Palestina Libera: Palestine march, Milan 21 October

On a giant LED billboard fitted onto the colossal stone wall of Milan Central Station a woman in shiny red patent leather throws a cruel look from under black-rimmed eyes. Her back is arched like a ferocious predator.

Below, I see a cluster of bodies. Green, red and black smoke dispersing, flags lashing in the wind. The crowd is screaming.


As I descend the station stairs I can feel the eyes of the sadistic leather-woman following me. I glance up at her once more to notice that the seduction of fetish capital in LED light had put Mussolini’s monolithic winged horses in the shade.

Protestors arrived in a steady stream. The crowd eventually flooded the massive public square. We were now thousands strong and ready to begin the march.

All around us, there were people on balconies watching and waving.

The crowd obliterates individuality but it is easy to see that we are in Milan.



Dog shit


A tall young photographer with eyes like a hawk scans the crowd then disappears.



A twenty-something Palestinian man is sitting on the shoulders of a two-hundred pound unit, both are screaming themselves hoarse. He is our leader.

There is the smell of smoke bombs and sweat. Everyone is sweating.

Its humid, our bodies are crammed together. A group of men with Deliveroo bags on their backs hand out free water.

Aqua, aqua, aqua!

“You are Palestinian?”

“I’m Australian.”

“You look Arabic!” ….“Yes, I thought she was too!” …“Stay with us!”

With the four sisters I continued screaming:


The man with the unit underneath him became a giant:



We have occupied Milan.

Milan has stopped for this hoarse and solid unit pounding the streets.

We finally reached an outdoor stadium adjoining a park somewhere far away from where we had begun.

There were speeches and condemnations.

Some people wanted to dance, they were stopped. The crowd was agitated.

People started opening bottles of beer, smoking cigarettes and hash. After all, its Saturday night.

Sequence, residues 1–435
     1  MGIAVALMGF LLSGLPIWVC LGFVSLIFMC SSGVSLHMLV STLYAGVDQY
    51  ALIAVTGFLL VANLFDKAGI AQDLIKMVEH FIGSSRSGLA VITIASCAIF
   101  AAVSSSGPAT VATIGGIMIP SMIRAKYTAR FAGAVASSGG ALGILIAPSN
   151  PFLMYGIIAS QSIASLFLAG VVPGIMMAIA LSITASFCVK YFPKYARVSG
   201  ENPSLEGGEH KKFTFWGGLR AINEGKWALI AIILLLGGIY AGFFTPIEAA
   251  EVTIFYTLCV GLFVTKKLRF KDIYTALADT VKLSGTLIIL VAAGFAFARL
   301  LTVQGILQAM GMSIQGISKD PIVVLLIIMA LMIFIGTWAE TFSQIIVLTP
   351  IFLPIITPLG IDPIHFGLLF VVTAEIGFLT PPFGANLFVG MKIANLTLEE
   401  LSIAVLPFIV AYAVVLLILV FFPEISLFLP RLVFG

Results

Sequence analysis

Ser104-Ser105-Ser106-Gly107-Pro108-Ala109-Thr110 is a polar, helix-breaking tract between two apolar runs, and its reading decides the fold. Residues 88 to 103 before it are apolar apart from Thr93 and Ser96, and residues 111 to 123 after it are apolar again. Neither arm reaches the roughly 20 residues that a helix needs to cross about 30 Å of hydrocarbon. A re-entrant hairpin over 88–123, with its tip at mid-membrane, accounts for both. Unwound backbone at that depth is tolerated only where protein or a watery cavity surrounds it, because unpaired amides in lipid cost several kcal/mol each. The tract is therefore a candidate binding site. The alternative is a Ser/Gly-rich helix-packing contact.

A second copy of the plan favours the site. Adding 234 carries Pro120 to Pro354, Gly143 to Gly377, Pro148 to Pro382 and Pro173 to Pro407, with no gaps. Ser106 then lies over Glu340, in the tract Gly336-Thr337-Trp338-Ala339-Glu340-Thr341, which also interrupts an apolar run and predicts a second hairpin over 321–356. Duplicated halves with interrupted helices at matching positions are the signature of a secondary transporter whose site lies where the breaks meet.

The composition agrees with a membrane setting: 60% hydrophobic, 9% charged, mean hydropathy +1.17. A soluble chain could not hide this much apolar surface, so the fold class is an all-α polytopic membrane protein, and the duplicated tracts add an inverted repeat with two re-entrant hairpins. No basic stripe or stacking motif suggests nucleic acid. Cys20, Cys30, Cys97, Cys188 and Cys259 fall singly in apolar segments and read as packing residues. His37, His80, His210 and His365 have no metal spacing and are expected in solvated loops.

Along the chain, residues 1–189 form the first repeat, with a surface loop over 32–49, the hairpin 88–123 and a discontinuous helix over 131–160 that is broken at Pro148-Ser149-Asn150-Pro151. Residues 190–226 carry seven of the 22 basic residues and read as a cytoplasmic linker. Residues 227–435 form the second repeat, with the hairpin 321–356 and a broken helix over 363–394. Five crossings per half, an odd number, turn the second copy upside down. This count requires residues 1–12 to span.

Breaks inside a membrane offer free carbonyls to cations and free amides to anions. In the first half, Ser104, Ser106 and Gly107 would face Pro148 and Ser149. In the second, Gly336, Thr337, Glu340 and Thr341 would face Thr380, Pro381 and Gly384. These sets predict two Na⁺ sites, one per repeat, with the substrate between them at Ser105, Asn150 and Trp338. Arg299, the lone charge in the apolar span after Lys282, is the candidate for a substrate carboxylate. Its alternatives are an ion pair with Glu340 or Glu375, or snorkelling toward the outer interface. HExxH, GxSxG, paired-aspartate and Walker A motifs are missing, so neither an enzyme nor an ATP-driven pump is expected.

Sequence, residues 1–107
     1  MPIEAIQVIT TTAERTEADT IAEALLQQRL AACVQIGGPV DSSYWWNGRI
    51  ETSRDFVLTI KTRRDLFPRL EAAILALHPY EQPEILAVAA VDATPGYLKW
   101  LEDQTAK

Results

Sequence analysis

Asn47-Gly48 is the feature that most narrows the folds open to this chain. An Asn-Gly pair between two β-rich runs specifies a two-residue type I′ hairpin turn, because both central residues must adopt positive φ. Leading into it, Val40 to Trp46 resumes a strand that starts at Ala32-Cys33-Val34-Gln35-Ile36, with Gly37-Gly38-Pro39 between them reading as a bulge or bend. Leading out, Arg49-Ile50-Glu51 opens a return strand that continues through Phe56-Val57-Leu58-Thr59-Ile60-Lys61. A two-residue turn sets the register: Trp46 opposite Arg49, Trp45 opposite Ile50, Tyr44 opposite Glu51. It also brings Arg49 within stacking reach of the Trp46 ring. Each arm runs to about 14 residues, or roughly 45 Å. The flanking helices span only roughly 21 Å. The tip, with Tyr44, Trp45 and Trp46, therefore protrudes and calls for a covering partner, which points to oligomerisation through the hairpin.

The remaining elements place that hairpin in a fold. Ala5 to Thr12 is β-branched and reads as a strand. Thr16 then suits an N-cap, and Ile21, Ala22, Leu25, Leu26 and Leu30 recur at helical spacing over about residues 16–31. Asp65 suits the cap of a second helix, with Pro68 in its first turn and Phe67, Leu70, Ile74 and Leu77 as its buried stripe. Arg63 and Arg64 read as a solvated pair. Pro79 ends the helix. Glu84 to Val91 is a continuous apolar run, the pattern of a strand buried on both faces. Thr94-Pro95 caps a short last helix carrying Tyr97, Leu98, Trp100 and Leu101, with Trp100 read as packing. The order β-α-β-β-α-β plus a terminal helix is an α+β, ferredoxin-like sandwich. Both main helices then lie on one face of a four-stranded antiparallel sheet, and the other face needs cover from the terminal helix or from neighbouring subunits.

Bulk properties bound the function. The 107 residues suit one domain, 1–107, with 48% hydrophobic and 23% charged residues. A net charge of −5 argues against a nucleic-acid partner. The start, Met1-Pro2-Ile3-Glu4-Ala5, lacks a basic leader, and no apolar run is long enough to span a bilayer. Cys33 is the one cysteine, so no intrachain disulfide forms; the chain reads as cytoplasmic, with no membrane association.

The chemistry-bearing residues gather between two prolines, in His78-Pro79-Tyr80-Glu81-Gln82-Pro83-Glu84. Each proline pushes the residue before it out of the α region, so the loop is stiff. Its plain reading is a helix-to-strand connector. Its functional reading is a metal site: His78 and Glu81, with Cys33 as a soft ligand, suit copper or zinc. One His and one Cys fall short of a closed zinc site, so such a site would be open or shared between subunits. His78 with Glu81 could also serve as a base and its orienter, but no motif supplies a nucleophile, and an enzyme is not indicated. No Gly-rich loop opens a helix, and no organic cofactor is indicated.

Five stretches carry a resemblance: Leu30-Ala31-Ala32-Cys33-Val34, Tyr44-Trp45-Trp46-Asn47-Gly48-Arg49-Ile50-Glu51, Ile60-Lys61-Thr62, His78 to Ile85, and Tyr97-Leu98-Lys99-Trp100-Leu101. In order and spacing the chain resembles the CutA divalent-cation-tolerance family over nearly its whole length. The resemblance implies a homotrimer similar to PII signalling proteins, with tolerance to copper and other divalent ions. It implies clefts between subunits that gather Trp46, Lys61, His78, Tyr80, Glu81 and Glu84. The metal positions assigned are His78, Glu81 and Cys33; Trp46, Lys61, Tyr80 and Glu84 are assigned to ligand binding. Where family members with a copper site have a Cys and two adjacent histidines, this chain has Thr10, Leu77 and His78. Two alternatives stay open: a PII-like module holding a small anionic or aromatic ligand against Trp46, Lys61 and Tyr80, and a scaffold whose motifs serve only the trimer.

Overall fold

It had grown dark, the half moon glowed in the deep blue sky. A man climbed the stairs all the way to the top of the stadium and scaled the surrounding fence.

His figure, and the flag he waved were a dark silhouette set against the night sky.

A lost little girl burst into tears “maaaaaammaa”. I took her by the arm and looked around for a frantic mother. There she is! She fell into her mother’s arms and hid in the folds of her dress – a moment later, she was playing with a flag and enjoying her careless existence.

It was over. Back in the arrival hall of the train station, I looked around me at all the people waiting for their trains. Most of us sat on the floor. There were many Arab families who travelled from hours away, and then pushed prams in the immense crowd for the entire day. Their faces were tired.

The leather-woman up there on her colossal throne looks even more cruel than she did earlier this afternoon.

She’s so shiny, like a red cherry coated in melted butter. Horrible and seductive eyes stare down on exhausted working people, people who just spent the day screaming at the top of their lungs to stop the genocide.

Mahmoud Nasser, the writer who is trapped in Gaza with his pregnant wife, said:

‘Our hope is dwindling as night approaches.’

About the author

Catherine Lo Bianco

Catherine Lo Bianco is an independent writer.

More articles by Catherine Lo Bianco

Support Arena

Independent publications and critical thought are more important than ever. Arena has never relied on or received government funding. It has sustained its activities largely through the voluntary work and funding provided by editors and supporters. If Arena is to continue and to expand its readership, we need your support to do it.

Leave a Reply